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The not-so-good news: Agencies largely in ‘assessment’ phase The good news: Sunny skies in the forecast

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Downed powerline across a Matlacha road where people view the devastation after Hurricane Ian

Assessment. That was the word of the day late Saturday morning, as federal officials conducted a press call organized by FEMA, as at least 1.3 million customers remained without power and many without running water in Florida.

The Army Corps of Engineers reported “infrastructure assessment teams” in the area. It’s also assessing navigation near Sanibel and “what we are up against in establishing ferry operations” said Brig. Gen. Daniel Hibner.

Florida Chief Financial Officer and State Fire Marshal Jimmy Patronis announced five more Urban Search & Rescue Teams are being deployed to Florida, for a total of 16 teams that are working lifesaving missions related to Hurricane Ian. The newly deployed teams include New York, New Jersey, Maryland, Missouri, and Massachusetts. The deployed contingent will add to Florida’s six US&R Teams and five teams from other states, including two Virginia teams, and ones from Texas, Ohio and Indiana.

The US&R teams have completed nearly 1,000 human interactions, which is defined as a breadth of engagements by US&R team members including providing lifesaving care and facilitating evacuations. The teams have also completed over 28,000 assessments of damaged structures. With additional deployed firefighting support teams, there are over 1,300 personnel being coordinated through the State Fire Marshal’s Office.

Meanwhile, FEMA’s Sheri Fink talked about “impact assessments” going on throughout Southwest Florida, with priorities being search and rescue, commodity distribution, power and water restoration, and debris removal. FEMA had 2,000 employees on the ground here as of the conference call, mainly helping those in shelters access services, but plans are for workers to go door-to-door as recovery continues.

“Hundreds” of volunteers are in Southwest Florida now, said Anthony Tornetta of the Red Cross. He urged those without power to “go to a shelter, get something to eat, get some information, charge your devices, check in, and get help.”

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Search and rescue continues to be the priority, with FEMA reporting 23 confirmed fatalities to the Lee County Sheriff’s Department’s 35. “It is with a heavy heart that I say that number," said Sheriff Carmine Marceno, in brief remarks at the Lee County Emergency Operations Center Saturday.

Search and rescue continues to be the priority, with FEMA reporting 23 confirmed fatalities to the Lee County Sheriff’s Department’s 35. “It is with a heavy heart that I say that number," said Sheriff Carmine Marceno, in brief remarks at the Lee County Emergency Operations Center Saturday. He added that further information was not yet available on those dead due to attempts to reach next of kin.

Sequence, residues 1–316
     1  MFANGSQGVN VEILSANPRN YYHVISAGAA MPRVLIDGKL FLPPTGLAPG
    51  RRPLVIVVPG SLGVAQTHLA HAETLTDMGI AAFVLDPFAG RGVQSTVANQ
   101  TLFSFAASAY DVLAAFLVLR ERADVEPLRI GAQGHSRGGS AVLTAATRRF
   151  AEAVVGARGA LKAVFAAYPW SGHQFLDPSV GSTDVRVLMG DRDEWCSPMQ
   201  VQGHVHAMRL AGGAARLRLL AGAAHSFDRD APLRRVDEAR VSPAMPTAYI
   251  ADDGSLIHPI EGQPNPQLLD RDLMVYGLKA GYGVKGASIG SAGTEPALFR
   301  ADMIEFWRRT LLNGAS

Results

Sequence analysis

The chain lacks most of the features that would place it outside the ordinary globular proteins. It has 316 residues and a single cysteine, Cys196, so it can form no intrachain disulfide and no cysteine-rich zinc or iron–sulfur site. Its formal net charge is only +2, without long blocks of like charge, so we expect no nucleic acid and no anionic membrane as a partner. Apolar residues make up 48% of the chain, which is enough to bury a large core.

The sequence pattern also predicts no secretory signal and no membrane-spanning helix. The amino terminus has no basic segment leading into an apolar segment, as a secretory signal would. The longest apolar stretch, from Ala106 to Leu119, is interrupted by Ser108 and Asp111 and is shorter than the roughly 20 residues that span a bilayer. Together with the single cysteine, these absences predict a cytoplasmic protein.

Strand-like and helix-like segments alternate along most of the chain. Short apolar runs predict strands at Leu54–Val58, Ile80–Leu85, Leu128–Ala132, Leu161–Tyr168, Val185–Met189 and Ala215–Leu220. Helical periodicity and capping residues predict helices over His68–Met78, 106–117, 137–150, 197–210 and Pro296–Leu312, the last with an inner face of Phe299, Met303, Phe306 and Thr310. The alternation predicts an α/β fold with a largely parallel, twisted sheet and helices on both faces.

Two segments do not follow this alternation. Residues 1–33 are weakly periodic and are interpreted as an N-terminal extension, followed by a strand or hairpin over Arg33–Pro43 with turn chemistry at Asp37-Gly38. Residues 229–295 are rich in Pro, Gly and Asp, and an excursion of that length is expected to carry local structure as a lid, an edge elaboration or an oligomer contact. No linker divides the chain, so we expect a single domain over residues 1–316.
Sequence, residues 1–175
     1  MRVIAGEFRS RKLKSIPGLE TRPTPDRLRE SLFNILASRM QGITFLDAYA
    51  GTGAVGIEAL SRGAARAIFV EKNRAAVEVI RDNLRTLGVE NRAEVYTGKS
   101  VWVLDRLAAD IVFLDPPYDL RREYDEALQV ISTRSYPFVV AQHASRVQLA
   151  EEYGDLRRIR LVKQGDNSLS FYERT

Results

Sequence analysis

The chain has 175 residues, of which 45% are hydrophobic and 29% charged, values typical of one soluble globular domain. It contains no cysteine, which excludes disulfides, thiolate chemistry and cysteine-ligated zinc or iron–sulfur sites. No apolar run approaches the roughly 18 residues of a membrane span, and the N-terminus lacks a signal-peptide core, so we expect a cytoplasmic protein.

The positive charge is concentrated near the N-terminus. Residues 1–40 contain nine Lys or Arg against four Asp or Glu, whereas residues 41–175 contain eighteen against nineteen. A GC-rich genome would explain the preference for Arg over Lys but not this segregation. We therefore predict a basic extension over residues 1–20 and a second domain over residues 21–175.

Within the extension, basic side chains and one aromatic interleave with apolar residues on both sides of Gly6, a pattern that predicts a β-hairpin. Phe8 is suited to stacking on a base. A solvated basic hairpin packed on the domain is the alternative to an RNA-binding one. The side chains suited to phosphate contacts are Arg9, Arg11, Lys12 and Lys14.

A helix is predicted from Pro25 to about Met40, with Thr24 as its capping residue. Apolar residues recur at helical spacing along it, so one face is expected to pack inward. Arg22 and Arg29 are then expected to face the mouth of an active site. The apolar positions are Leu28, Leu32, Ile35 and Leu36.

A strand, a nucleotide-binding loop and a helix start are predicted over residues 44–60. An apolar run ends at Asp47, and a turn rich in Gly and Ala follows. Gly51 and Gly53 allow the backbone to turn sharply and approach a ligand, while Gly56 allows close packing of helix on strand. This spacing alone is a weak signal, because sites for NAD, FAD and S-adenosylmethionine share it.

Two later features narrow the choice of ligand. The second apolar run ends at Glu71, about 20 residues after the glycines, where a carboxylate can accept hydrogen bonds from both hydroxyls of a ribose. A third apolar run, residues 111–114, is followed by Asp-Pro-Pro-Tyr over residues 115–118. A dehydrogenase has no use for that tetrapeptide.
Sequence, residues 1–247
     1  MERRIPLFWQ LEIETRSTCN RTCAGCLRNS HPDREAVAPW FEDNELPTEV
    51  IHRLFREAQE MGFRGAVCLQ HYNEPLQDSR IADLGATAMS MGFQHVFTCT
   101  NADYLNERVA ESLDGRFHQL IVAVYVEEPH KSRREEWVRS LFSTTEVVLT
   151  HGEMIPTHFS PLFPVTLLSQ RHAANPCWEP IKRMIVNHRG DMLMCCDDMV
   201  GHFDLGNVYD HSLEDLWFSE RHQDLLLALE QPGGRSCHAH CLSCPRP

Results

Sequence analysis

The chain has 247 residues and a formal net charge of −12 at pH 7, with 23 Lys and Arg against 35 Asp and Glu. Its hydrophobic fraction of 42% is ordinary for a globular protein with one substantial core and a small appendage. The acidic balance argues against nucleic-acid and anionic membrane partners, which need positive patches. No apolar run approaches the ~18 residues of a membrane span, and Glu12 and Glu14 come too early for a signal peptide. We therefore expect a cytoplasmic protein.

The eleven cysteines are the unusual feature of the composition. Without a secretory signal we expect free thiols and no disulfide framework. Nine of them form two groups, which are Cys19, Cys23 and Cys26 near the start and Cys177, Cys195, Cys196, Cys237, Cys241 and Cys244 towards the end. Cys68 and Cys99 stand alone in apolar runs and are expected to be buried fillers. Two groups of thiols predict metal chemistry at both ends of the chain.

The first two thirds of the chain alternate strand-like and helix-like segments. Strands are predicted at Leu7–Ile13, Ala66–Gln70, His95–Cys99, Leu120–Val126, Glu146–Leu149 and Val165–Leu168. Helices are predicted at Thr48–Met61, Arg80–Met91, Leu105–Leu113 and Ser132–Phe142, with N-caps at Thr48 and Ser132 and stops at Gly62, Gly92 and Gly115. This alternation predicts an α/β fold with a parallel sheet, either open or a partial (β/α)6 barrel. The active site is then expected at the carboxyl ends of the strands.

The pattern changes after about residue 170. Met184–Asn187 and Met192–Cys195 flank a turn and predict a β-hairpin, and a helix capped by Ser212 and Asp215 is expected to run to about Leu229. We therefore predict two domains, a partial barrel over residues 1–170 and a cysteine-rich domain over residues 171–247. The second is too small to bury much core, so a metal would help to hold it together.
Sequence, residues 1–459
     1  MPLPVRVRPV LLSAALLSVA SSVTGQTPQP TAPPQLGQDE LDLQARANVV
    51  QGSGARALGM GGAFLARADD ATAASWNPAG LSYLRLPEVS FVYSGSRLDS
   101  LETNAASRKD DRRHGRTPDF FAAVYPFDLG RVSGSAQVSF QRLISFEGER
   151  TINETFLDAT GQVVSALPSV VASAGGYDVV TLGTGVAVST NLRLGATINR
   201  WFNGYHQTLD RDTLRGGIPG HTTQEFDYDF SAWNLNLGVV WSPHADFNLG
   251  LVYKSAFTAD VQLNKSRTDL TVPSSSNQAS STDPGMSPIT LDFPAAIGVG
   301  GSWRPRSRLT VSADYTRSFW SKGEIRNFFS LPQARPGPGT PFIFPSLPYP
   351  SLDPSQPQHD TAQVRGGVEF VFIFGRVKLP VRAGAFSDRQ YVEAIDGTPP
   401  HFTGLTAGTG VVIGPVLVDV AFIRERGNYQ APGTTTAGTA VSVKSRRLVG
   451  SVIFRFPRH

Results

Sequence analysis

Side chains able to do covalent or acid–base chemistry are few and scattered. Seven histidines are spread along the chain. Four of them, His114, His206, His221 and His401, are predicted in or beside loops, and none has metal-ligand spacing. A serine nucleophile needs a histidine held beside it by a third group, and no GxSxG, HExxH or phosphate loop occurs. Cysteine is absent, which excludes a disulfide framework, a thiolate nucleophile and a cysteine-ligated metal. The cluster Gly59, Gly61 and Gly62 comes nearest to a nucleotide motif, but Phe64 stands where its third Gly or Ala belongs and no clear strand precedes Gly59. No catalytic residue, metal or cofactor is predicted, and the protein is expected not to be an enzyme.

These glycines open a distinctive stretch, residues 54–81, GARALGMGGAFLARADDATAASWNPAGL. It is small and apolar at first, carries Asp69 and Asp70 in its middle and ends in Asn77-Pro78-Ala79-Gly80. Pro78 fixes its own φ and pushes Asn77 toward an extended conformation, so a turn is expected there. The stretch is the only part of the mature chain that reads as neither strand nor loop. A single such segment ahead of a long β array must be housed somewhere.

The sheriff also said that there have been from 600 to 700 rescues made. In the FEMA press conference, Rear Adm. Brendan McPherson of the Coast Guard Seventh District, headquartered in Miami, reported rescue of 4,000 people in combined federal, state and local agencies.

One of the area Coast Guard stations was demolished, said McPherson. While search and rescue is a priority, so far “far fewer” people have been in need of medical assistance, with most in need of rescue being stranded, he said. FEMA’s Fink, however, reported 145 health care facilities impacted to some degree statewide.

Secondary priorities for the Coast Guard are opening area ports and waterways, with only Fort Myers remaining closed currently; and assessing pollution and debris in the area, including capsized boats and spills from marine fuel.

The “decaying” storm system continues to creep northward, having made a second landfall near Georgetown, South Carolina Friday afternoon.

The biggest problem locally is malfunction at the water distribution center in Lee County. “We’re partnering with local county and area public works to find a resolution to that,” said Army Corps Brig. Gen. Daniel Hibner. It’s “an issue of transmission lines specifically because of the buoyancy of the transmission lines for the water and the unprecedented amount of water coming up. We have bending and breaking of those lines. Actual repairs are being done by the county” with help from neighboring counties by agreement, he said.

The sunniest outlook came from Michael Musher of the National Weather Service: “Florida’s forecast looks really really good over the next four to five days with very limited chance of precipitation.”

By the numbers, as of an 11 a.m. press conference with FEMA on Saturday, Oct. 1:


  • 23 confirmed fatalities
  • 4,000 in Florida rescued by combined efforts on land, sea and air, the large majority from the barrier islands
  • 145 health care facilities impacted
  • 400 people and 100 pets rescued by Coast Guard
  • 2,000 FEMA employees now on the ground
  • 1.3 million customers without power in Florida
  • 44,000 personnel staged across Florida “in the power sector”